I don't think that's an urban legend. The place wherever I heard it sounded more
like this was a scientific theory. It might be wrong but it was some kind of a
serious theory.

> All sources that claim an antibiotic capacity for seltzer (such as the link
> provided), explain that any such effect is due to the acid-base balance which
> is slightly acidic when there is a higher level of dissolved carbon dioxide.  

No they don't. They actually don't know why.

> Nothing about "exploding" bacteria (how would this work exactly?).

They would get into the cell and then come out of solution when the pressure drops.

And then I found something that discusses this idea in passing:


or https://www.tandfonline.com/doi/abs/10.1271/bbb.61.1133

Inactivation of food microorganisms by high-pressure carbon dioxide treatment
with or without explosive decompression (Biosci Biotechnol Biochem. 1997 Jul;

Here is a quote:

"Among the methods, the explosive decompression system consists of a
pressurization stage to induce penetration of the applied gas into the microbial
cells and a subsequent explosive discharge that results in rapid gas expansion
within the cells. With this system, the greater part of the microbial cells are
believed to be mechanically ruptured like a popped balloon at the moment of
flash depressurization.."

Now, this is not the idea I had. I had the idea that drinking seltzer
could kill bacteria already in your stomach (because the carbon
dioxide would come out of solution - the carbonation diminish - after
the bottle was opened.)

> In fact, an interesting study was done almost a hundred years ago precisely
> to  determine whether the chemical or the pressure was the reason for 
> depressed bacterial activity in carbonated beverages. Nitrogen pressurizing
> had no effect on bacteria.  The paper is available to the public here:


But that isn't the idea in the article from the 1920s that she cited, or in the
one from 1997 I found. That idea is that the bacteria are killed by staying in
bottle with carbon dioxide, and the longer it is there, the fewer bacteria there

I read the article Leah cited but the idea that this is a purely chemical
reaction is untenable. That is because there is an upside down U curve if the
pressure is not very high. The number of bacteria first go up, and then go down.
If it were just chemical, a solution reaches equilibrium - chemicals mix - 
pretty quickly, and if the number of bacteria rose at first it would stabilize
at some equilibrium. Instead the number of bacteria went up, and then went down.
It has to involve a process that continues through cell division and is not set
back to zero. It can't be anything as simple as the acid-base balance.

The 1997 article says it is probably because the CO2 dissolves in water. N2O
does too, but nitrogen gas (N2) and argon do not. The article from the 1920s
only compared carbon dioxide with nitrogen.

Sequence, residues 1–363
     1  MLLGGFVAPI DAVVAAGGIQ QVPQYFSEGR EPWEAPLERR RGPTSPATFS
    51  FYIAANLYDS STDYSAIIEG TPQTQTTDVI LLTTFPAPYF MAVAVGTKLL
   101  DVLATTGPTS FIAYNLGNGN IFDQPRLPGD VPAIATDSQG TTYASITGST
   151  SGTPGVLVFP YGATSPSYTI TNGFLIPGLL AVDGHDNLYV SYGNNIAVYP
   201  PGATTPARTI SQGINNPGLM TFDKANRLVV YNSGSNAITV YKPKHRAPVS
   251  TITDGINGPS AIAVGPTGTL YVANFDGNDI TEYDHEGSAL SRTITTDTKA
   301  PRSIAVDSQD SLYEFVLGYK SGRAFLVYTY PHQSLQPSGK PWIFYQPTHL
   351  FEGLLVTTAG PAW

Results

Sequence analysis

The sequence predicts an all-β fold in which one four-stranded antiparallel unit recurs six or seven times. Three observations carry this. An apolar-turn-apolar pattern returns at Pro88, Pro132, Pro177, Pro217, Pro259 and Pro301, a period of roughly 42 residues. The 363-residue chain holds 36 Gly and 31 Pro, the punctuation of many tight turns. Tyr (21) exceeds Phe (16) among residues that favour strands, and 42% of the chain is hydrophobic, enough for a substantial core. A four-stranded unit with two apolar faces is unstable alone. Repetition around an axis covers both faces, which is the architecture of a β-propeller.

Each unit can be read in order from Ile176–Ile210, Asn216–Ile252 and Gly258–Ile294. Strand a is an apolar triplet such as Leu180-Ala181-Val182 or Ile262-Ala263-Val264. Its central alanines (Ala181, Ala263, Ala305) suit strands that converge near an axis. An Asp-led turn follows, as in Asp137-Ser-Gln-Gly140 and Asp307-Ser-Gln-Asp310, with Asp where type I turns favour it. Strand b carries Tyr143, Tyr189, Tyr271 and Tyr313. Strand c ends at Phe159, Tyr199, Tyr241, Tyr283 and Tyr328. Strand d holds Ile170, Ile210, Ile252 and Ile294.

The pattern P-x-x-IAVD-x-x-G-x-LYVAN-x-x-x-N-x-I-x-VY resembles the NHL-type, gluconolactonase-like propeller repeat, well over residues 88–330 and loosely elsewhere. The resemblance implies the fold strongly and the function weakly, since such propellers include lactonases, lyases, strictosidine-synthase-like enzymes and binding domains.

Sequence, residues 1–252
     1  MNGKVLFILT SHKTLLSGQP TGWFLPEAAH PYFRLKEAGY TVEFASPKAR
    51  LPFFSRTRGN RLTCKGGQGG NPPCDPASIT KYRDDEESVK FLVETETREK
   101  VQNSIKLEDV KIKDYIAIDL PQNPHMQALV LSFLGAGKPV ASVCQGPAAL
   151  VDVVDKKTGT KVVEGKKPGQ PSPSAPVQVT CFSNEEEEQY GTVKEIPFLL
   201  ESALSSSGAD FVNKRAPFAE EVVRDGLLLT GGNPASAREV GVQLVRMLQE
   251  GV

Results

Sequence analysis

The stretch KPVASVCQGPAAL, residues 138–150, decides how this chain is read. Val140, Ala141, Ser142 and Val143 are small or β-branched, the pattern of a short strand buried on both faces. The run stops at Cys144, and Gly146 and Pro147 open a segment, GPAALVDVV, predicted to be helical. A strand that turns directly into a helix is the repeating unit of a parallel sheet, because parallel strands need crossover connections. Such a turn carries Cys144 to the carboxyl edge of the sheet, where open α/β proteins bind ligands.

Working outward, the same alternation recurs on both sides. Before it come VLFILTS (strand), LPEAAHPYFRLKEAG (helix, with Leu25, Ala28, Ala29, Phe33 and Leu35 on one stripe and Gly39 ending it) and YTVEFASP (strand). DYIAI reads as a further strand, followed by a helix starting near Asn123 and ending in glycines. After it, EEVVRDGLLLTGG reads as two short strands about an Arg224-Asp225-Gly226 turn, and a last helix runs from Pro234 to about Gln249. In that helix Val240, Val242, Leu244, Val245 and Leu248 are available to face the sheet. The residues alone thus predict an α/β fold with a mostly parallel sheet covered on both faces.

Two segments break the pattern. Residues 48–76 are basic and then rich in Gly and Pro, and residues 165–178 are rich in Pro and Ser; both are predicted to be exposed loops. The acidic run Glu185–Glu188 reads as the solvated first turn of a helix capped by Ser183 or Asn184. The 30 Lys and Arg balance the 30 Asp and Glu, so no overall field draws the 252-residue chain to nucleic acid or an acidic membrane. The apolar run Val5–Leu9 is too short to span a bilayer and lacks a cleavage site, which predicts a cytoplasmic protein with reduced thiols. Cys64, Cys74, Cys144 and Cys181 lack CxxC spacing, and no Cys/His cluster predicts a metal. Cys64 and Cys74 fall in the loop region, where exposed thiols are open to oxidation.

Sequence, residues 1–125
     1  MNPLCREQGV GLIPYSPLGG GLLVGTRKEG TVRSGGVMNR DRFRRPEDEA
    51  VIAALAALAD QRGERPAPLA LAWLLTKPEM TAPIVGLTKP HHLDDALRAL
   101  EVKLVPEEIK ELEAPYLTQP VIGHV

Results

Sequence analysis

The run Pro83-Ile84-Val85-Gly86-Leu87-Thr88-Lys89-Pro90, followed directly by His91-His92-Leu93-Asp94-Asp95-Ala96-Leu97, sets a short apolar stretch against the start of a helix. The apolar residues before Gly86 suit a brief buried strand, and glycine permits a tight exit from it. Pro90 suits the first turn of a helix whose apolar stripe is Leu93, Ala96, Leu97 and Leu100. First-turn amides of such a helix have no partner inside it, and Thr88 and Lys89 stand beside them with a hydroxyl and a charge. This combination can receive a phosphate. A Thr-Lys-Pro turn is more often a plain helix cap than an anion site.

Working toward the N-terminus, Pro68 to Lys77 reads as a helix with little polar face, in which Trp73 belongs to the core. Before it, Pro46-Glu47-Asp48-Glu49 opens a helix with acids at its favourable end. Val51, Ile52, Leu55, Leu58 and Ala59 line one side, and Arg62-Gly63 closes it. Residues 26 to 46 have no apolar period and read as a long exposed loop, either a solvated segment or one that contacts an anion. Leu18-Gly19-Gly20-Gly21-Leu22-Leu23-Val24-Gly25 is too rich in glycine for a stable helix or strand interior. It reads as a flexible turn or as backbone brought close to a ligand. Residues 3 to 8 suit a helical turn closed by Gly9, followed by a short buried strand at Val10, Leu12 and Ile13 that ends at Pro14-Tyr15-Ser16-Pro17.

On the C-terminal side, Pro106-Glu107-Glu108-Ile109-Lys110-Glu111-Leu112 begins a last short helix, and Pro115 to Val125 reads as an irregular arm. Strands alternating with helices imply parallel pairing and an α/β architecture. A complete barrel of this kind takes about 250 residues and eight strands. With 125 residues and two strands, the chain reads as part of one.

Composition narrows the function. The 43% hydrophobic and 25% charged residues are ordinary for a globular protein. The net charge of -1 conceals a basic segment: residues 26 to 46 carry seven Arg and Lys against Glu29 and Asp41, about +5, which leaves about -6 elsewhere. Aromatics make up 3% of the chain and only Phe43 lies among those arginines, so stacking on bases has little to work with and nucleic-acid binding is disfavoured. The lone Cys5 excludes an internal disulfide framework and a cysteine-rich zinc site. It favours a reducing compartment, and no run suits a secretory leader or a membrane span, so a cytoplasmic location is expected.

It also says that the exact mechanism remains obscure at this time.


From: Martin Stern <md.stern@...>
Date: Sun, Jun 17,2018 at 01:01 PM
Subject: Smelling a rat

In parshat Korach, Moshe Rabbeinu (Bam. 16:5-7) tells the Korach's followers to
bring machtot [censers] and burn ketoret [incense] in them as a test to see whom
HKBH would favour.

Since, only a few months earlier, Aharon's two sons, Nadav and Avihu, had done
something similar and been killed by a "fire from Hashem" (Vay. 10:1-2), surely
the followers of Korach should have been, at the very least, suspicious of what
might transpire.

Why did they not 'smell a rat' and, at the very least, object to this test?

Can anyone shed light on their thinking?

Martin Stern


From: Bill Bernstein <billbernstein@...>
Date: Mon, Jun 18,2018 at 06:01 PM
Subject: The Smuggler's Mule

In the Seridei Eish, Choshen Mishpat 167, he answers a question about a shaliach
(agent) of a smuggler who is caught at the border and taken to jail. Does the
smuggler have an obligation to bail out his agent? The answer of course is "it
depends but generally 'No'". He goes through some sources in the answer. My
question is why didn't Rav Weinberg zt"l bring the idea of "ein shlichus b'davar
aveira" (there is no agency for a forbidden act) since smuggling contraband is
illegal and would seem to fall under "Dina d'malchusa Dina" (secular law is also
binding)? Ideas?

Bill Bernstein
Brunswick, GA.


From: Yisrael Medad  <yisrael.medad@...>
Date: Sat, Jun 9,2018 at 03:01 PM
Subject: Yahrtzeit Kaddish?

To add a comment to Chaim Casper's contribution on the subject of Yahrtzeit
Kaddish (MJ 63#87):

I would think that to inform someone that he/she cannot say Kaddish because it
is reserved for another person only (let alone who gets to define that person)
should carry halachic weight over a localized custom from another continent over
two centuries ago, is simply unacceptable - especially in today's social thinking.

Yisrael Medad

From: Martin Stern <md.stern@...>
Date: Sun, Jun 10,2018 at 07:01 AM
Subject: Yahrtzeit Kaddish?

Chaim Casper wrote (MJ 63#87):

> I was told that originally, only one person said kaddish for all the mourners
> in the community (see the Mahzor Vitry or the RaM"A).

This is still the custom of Jews originating from Germany wherever they
still have organised communities perpetuating their distinctive minhag.
> It is only a later development that everyone who is mourning would say kaddish
> together, so there is no longer any need to have one person say it to the
> exclusion of the others.

This, in my opinion unfortunate, change dates back to Rav Ya'akov Emden's
observation, about 250 years ago, in his siddur commentary that he had
observed it to be the custom among the Sephardim when his father, the
Chacham Tzvi, was Rav in Sarajevo. He lauded it since it avoided the not
infrequent quarrels over precedence that erupted in larger Ashkenazi
communities. The practice spread over the nineteenth century throughout
Europe, the original one being restricted to the so-called Yekkes.

With all due respect to the learned rav, I fear he had not noticed that,
among Sephardim, all the tefillot were said in unison, unlike among
Ashkenazim who often davenned each at his own pace. This resulted in the
kaddish being said by the various aveilim at differing speeds making it
inaudible and, thereby, preventing the congregation from responding "Amein -
yehei shemeih rabba ..." which was the main purpose for which it was

In some congregations, the custom was for all aveilim to gather together in
the front of the shul to say kaddish which helped alleviate the problem but,
in most places, the "Orphan's kaddish" itself became an orphan whose call
went unanswered.

Martin Stern


End of Volume 63 Issue 88